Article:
In order to access certain aspects of a virtual machine in VirtualBox, you will need to install Guest Additions (similar to VMWare Tools I guess)
There is a manual page for installing Guest Additions but not all of it is self-explanatory…
First you need to log into your Linux virtual machine (VM) and install/configure x, y and z.
This part is relatively straightforward, just install using whatever package manager your Linux distribution has. The below example uses APT that comes with Debian-based distros:
sudo apt-get update sudo apt-get upgrade sudo apt-get install dkms
Where to find VBoxGuestAdditions.iso
Usefully Oracle don’t tell you in their guide, but it is available with the rest of the downloads at http://download.virtualbox.org/virtualbox/
So for example for version 4.1.6 the VBoxGuestAdditions_4.1.6.iso is located at http://download.virtualbox.org/virtualbox/4.1.6/VBoxGuestAdditions_4.1.6.iso
You need this image to install the VirtualBox Guest Additions themselves onto your VM, so you can either download it to your Linux VM and mount it there, or (which is what I did) download it to your Mac OS X host and mount it in the DVD drive using the VirtualBox Manager.
How to mount the image
You need to mount the image on the Linux VM, so that you can install VirtualBox Guest Additions from it. If you have mounted it in the VirtualBox Manager in the DVD drive then you will still need to mount it in the Linux VM; Since I can’t remember the last time I had to mount something in *nix from the command-line, here’s a quick way.
sudo mkdir /dev/dvd sudo mount /dev/dvd1 /mnt/dvd/ cd /mnt/dvd
Then you should see VBoxLinuxAdditions in that directory, which you need to run as per the manual. If the above doesn’t work it might be because your DVD drive in VirtualBox is called something else, like dvd (instead of dvd1) which probably differs depending on which distro you’re using.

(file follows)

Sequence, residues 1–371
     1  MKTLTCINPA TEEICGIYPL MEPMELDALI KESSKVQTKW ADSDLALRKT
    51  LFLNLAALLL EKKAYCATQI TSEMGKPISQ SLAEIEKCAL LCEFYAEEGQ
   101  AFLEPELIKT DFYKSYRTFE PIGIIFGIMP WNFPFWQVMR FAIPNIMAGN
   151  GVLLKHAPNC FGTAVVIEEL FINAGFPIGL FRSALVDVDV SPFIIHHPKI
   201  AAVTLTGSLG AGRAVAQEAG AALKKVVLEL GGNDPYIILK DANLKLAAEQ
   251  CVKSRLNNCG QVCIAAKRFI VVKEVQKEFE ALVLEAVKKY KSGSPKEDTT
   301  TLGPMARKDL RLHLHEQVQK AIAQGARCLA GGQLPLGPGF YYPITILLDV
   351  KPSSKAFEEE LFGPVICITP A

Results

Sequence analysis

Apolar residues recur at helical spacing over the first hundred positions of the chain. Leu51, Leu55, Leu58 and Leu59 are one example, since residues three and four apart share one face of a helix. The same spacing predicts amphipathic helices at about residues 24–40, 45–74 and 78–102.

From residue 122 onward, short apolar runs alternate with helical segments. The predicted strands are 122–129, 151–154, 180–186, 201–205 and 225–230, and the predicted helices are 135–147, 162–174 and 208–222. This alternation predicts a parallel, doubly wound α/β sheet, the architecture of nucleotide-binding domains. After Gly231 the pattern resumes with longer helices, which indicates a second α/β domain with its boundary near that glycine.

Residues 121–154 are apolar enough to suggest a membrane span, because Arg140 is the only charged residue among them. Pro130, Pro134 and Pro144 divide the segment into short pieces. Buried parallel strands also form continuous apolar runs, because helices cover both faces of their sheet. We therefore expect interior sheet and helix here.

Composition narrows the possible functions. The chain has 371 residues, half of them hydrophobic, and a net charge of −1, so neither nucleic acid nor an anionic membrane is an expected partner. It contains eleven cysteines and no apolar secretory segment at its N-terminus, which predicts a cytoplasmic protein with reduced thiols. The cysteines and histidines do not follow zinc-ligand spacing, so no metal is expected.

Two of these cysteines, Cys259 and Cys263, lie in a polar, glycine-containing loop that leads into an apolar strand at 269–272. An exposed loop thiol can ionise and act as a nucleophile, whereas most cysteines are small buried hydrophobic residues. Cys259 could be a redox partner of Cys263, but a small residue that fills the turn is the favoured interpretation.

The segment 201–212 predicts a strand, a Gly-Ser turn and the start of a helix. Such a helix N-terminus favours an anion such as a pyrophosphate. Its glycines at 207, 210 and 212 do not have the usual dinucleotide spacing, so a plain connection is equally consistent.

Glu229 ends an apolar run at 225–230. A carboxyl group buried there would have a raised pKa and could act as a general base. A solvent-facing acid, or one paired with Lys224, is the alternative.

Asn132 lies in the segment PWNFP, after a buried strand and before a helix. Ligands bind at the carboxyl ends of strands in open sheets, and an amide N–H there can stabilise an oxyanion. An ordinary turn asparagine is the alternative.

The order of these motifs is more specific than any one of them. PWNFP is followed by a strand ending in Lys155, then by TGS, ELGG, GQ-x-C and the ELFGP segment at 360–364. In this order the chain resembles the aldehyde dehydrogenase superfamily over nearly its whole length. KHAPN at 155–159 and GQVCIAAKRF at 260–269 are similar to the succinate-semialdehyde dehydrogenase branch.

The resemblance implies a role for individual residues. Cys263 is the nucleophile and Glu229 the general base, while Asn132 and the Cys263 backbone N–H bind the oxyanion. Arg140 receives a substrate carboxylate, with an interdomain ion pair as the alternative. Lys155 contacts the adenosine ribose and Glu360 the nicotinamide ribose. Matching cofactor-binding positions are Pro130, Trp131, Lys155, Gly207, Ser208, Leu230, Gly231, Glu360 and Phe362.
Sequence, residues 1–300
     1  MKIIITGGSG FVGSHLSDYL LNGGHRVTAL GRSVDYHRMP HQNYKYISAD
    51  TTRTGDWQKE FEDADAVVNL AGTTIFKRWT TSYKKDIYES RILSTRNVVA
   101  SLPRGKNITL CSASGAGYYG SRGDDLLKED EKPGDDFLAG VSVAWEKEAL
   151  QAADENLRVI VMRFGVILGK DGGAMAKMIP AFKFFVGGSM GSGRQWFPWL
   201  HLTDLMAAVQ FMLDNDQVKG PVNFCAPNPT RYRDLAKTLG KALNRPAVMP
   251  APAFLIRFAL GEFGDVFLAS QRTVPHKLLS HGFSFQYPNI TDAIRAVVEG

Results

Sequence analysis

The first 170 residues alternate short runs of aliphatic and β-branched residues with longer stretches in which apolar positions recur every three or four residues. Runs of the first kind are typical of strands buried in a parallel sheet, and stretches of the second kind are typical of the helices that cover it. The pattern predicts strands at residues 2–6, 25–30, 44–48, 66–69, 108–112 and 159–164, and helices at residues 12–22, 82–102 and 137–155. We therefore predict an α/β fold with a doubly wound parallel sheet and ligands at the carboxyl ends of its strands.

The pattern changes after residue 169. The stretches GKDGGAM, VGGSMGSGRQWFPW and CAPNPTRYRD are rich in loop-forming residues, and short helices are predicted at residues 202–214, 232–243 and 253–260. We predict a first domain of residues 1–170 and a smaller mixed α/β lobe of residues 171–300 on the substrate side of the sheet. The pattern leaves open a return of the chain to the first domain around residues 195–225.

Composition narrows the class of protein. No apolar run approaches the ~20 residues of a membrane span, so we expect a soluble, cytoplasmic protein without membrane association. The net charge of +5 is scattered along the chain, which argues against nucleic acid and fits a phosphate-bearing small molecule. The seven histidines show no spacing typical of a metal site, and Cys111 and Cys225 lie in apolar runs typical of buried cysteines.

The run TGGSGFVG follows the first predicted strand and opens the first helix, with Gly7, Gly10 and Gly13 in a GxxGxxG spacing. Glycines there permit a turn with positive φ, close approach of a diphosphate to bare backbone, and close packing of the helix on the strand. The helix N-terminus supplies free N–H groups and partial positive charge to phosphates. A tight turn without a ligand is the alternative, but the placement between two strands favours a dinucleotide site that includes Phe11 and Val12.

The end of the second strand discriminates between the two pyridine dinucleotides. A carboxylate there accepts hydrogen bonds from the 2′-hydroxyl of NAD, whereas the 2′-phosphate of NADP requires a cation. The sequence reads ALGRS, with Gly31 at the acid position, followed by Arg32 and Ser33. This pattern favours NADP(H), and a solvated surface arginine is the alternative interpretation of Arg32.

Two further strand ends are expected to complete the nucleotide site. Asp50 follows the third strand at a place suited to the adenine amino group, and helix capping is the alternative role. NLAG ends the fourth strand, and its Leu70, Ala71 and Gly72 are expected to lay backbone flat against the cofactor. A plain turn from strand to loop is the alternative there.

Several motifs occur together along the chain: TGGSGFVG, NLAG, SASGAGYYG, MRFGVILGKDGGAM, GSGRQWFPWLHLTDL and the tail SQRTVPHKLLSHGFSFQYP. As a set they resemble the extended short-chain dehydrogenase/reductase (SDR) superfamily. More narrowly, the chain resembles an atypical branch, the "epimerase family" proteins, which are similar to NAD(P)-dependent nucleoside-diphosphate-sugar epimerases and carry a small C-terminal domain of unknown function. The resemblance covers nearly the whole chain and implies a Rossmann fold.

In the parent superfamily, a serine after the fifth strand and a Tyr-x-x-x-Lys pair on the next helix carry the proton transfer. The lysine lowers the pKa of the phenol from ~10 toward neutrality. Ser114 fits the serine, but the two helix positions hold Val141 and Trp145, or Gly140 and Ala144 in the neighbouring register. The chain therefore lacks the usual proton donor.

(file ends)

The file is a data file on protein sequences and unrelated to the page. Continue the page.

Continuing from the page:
Then you need to run the installer.
sudo sh ./VBoxLinuxAdditions.run
Once that’s done you can restart.
sudo reboot now
Everything should be finished now installation/configuration-wise, but you might encounter some problems… (otherwise skip to Mount the host folder)
Kernel header problems
I got some missing kernel header problems when trying to install Guest Additions, which if building the main Guest Additions module fails will be logged.
If you see something like this…
Error! Your kernel headers for kernel 2.6.35-28-generic cannot be found at /lib/modules/2.6.35-28-generic/build or /lib/modules/2.6.35-28-generic/source.
You can use the --kernelsourcedir option to tell DKMS where it's located, or you could install the linux-headers-2.6.35-28-generic package.
So you can do just that!
sudo apt-get install linux-headers-2.6.35-28-generic sudo ./VBoxLinuxAdditions.run
Hopefully this should install now (although the XFree86 bit will fail, assuming you’re using the command-line) and you may need to restart the VM, although I’m not sure.
Mount the host folder
You can create the host folder in the VirtualBox Manager in the Shared Folders tab on the Settings for that VM. If you add it on the command-line it’ll appear under the machine folders anyways. If you want to type it though, here’s what you’d type into the Mac OS X terminal (note this is the only thing that you’d type into the host itself)
VBoxManage sharedfolder add "my-ubuntu-vm" \ --name "websites" --hostpath "/Users/andrew/pizza"
To mount the Shared Folder from within the guest, the instructions from Ubuntu (as my guest is Ubuntu, although I think this is a better way to mount it anyways) were very useful.
sharename="whatever.you.want.to.call.it"; sudo mkdir /mnt/$sharename \ sudo chmod 777 /mnt/$sharename \ sudo mount -t vboxsf -o uid=1000,gid=1000 $sharename /mnt/$sharename \ ln -s /mnt/$sharename $HOME/Desktop/$sharename
Just change the target to be wherever you want the Shared Folder to be mounted in the guest. Now in theory if you go to that path in the guest, it should be the same as the directory you shared from the host!